What does this have to do with social media? It’s all about having a target audience. Advertisers want access to a focused audience, and social media can provide this. For the most part, social media is free thanks to advertisers who pay to advertise on the sidebars on social media sites and to gain access to the information stored in users’ profiles (Pumphrey, “How do advertisers show me custom ads?“). With information about age, gender, interests, hobbies, etc., advertisers now have a pretty good idea of what products to display to their audience on social media sites:
…the real transaction here isn’t you receiving enjoyment in the form of a free temporary distraction created by a media company at great expense, but rather, that media company renting your eyeballs to its advertisers. (McFarlane, “How Facebook, Twitter, Social Media Make Money From You“)
Nostalgia marketing is one way how nostalgia is being redefined in the 21st Century.
“Instant Nostalgia” and Muddying the Pop Culture Waters
Brian Raftery recently wrote an excellent article for WIRED in which he said this about the future of nostalgia:
In order for nostalgia…to survive, it needs a peg, and right now, culture feels pegless—millions of people, occupying millions of different parallel timelines and worlds, joined together only a few times a year. (Raftery, “Enjoy the Early-’00s“)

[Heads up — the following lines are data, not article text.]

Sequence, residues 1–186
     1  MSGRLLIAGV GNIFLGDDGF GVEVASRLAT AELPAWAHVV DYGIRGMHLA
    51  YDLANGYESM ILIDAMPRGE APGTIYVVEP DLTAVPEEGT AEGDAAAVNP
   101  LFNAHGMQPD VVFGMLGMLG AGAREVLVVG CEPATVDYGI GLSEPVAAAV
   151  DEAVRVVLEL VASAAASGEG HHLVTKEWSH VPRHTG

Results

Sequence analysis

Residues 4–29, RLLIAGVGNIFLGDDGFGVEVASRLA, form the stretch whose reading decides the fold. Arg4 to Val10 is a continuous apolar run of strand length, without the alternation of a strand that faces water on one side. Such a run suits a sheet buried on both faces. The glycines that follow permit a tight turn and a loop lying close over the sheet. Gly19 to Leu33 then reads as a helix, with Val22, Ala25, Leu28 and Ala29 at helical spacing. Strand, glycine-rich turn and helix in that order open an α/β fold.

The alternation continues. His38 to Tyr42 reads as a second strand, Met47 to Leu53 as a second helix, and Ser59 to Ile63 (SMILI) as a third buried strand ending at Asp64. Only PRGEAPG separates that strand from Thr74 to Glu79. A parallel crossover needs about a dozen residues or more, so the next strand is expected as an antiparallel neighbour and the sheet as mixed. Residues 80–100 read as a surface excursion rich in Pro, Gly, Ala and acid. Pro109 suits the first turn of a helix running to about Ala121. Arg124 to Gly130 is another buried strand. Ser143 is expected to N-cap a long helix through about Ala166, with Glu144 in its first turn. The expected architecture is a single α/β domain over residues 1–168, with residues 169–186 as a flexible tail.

Typically, nostalgic cycles follow a 20- or 40-year rule: what was trendy or popular 20 or 40 years ago becomes trendy and popular again 20 to 40 years later (Gopnik, “The Forty-Year Itch“). Modern technology and social media allow Baby Boomers, Gen X’ers, Millennials, and Gen Z’ers to share memories from their respective generations with everyone all at once. This simultaneous and instantaneous sharing via social media is part of what I think of as “instant nostalgia.” We can instantly revisit a historical event or re-watch a favorite music video on YouTube, and then share that link on another social media site for others to instantly experience or re-experience. Multiply that countless times over and you have the “pegless” culture and parallel timelines that Raftery mentions in his article.
Raftery’s pegless culture and parallel timelines reminds me of what Douglass Rushkoff calls “digiphrenia” and “fractalnoia” in his book, Present Shock: When Everything Happens Now, which I discuss in a separate post. For a taste of what Rushkoff says in Present Shock, here is a clip from an interview he did on NPR’s “All Things Considered” segment: